By Boyd Champness
THE cattle industry breathed a collective sigh of relief last week when it was announced that the European Union had accepted Australias proposed animal identification scheme.
According to the Stock and Land, the Australian Quarantine and Inspection Service (AQIS) received the good news through a Brussels-based employee, ensuring that the premium A$91 million (£36.5m/7000 tonne) trade would continue.
National Livestock Identification Scheme (NLIS) steering committee chairman John Wyld met federal and state government officials on Thursday (29 July) to discuss the schemes implementation.
But not everyone is pleased by the sudden turn of events. Stock agents in Victoria have accused AQIS officials of caving in to EU demands on some of the more stringent protocols, in particular, the separating of licensed and non-licensed cattle at saleyards.
David Pollock, executive director of the Victorian Stock Agents Association, told The Weekly Times that AQIS had failed to convince the Europeans that current protocols for identifying HGP-free livestock were more than adequate.
“I dont even think its the EU dictating whats happening, its just the Australians mucking it up at this end,” he told the paper.
One of the key EU demands was that all stock should be bought from licensed properties where farmers have declared they do not use hormone growth promotants.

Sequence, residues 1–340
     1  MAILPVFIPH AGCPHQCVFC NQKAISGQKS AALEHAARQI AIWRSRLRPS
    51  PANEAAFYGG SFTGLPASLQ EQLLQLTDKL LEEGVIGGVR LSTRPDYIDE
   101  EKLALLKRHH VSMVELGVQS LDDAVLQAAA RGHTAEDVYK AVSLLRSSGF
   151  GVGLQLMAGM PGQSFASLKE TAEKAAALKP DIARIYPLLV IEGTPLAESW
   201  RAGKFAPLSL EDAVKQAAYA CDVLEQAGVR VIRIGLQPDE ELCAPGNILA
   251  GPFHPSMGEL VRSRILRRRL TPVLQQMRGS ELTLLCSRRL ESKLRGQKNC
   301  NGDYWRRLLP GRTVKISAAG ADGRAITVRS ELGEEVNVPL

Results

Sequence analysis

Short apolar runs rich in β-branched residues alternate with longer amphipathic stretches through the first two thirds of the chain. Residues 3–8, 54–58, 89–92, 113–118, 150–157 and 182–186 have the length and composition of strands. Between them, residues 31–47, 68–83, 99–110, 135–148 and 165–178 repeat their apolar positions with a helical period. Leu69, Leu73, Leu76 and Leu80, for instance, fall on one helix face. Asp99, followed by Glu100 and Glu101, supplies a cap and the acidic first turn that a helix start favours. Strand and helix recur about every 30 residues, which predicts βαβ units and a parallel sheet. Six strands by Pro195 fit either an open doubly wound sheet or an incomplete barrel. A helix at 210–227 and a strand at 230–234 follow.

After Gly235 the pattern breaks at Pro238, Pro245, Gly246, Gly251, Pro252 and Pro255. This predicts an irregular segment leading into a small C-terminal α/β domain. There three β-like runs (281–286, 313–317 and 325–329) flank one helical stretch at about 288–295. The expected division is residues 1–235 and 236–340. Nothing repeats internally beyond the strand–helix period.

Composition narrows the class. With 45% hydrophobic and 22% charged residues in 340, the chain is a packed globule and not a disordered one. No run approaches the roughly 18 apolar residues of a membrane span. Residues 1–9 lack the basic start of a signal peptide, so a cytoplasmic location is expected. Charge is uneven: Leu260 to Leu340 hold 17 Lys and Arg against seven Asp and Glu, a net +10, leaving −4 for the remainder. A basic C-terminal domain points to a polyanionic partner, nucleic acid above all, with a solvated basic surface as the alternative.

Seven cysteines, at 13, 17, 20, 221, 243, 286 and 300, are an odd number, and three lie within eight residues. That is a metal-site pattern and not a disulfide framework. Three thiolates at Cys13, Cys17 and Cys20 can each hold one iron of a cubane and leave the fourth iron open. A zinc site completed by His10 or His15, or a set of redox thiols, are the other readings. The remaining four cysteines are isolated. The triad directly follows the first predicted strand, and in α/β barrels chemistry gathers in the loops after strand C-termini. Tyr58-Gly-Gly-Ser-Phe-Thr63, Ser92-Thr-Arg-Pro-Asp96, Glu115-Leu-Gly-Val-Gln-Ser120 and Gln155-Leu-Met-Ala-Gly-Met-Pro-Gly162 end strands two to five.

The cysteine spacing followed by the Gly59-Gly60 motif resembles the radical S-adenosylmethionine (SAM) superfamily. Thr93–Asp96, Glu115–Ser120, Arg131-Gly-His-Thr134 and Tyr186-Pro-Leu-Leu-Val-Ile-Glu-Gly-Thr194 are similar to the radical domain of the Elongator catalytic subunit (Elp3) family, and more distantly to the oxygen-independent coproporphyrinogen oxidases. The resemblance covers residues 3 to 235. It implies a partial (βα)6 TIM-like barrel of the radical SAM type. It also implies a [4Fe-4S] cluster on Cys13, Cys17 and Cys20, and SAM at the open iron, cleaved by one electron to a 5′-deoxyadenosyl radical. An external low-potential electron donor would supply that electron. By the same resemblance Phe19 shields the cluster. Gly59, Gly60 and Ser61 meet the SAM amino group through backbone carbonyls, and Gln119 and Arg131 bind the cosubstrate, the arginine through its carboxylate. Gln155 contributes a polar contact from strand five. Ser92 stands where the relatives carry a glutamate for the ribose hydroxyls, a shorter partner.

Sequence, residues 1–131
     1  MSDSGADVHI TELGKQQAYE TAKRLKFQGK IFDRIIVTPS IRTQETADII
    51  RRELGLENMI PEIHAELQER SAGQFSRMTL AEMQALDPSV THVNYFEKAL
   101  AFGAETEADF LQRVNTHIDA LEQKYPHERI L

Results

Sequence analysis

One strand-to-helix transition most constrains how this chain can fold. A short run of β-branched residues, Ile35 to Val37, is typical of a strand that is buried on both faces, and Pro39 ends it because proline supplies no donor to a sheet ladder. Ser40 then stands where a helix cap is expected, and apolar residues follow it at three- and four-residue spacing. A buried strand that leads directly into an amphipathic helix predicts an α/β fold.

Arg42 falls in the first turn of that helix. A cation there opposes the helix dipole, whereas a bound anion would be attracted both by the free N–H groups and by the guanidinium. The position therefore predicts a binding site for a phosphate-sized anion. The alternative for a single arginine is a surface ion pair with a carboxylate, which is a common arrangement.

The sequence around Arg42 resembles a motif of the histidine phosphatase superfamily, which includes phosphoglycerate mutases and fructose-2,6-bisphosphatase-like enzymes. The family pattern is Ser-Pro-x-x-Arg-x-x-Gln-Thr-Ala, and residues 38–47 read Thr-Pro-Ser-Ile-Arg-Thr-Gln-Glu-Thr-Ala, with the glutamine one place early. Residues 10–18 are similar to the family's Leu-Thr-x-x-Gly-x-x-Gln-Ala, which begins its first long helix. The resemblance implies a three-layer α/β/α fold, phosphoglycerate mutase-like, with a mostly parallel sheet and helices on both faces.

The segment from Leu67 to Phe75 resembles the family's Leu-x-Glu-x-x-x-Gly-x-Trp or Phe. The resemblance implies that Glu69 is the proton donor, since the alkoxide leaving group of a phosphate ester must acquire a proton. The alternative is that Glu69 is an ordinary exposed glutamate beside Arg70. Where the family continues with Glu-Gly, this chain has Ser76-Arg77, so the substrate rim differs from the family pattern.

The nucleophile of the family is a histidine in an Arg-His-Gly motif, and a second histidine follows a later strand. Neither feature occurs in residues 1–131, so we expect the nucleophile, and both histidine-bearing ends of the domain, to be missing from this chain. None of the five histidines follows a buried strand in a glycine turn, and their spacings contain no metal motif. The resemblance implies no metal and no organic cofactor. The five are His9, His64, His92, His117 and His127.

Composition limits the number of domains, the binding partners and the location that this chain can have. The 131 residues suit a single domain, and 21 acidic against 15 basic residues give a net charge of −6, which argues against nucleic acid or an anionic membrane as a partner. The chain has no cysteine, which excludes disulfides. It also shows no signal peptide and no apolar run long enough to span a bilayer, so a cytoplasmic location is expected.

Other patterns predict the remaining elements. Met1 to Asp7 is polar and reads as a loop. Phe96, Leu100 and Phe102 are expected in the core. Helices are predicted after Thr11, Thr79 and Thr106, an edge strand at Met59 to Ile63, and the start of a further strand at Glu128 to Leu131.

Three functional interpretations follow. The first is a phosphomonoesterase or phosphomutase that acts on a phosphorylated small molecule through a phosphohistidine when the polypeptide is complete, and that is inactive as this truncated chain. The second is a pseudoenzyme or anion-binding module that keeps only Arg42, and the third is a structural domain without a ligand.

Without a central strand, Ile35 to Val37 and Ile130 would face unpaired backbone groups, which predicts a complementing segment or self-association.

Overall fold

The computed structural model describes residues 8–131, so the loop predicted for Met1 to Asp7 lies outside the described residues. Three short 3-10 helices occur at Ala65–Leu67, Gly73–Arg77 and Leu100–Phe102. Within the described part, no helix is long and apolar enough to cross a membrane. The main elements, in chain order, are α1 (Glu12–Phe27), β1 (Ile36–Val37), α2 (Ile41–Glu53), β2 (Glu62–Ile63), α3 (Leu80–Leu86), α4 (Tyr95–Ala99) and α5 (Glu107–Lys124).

“The real problem is that AQIS has agreed that these cattle should be separated from other non-licensed properties cattle at the saleyards,” Mr Pollock said.
AQIS meat inspection director Brian Macdonald told The Weekly Times that the Europeans wanted Australia to develop a closed system that excluded cattle from non-licensed properties from birth to slaughter.
“At the moment we cant even trace a lot of cattle back to properties because the saleyards are just not keeping adequate records,” Mr Macdonald said.
“What we need is a iron-cast guarantee that all livestock are permanently identified and recorded as they enter and leave the saleyards.”
Nevertheless, stock agents remain opposed to separate day yardings for EU-bound cattle because of the additional cost and logistical problems.
“Cattle cant catch HGP from each other, so we dont need separate days for yardings of EU cattle,” Mr Pollock said.
“All we really need to ensure is that all cattle are adequately identified as part of the NLIS.”
But the major problem the industry finds itself in is that the NLIS is not due to be implemented for at least another eight months.
Stock agents have until 4 December – when EU officials fly out to inspect the NLIS – to convince the EU and AQIS of measures other than separating cattle at saleyards.
- Australia agrees to meet EU export standards, FWi, 26 July, 1999
- Lack of data threatens Australias EU beef trade, FWi Australia, 19 July, 1999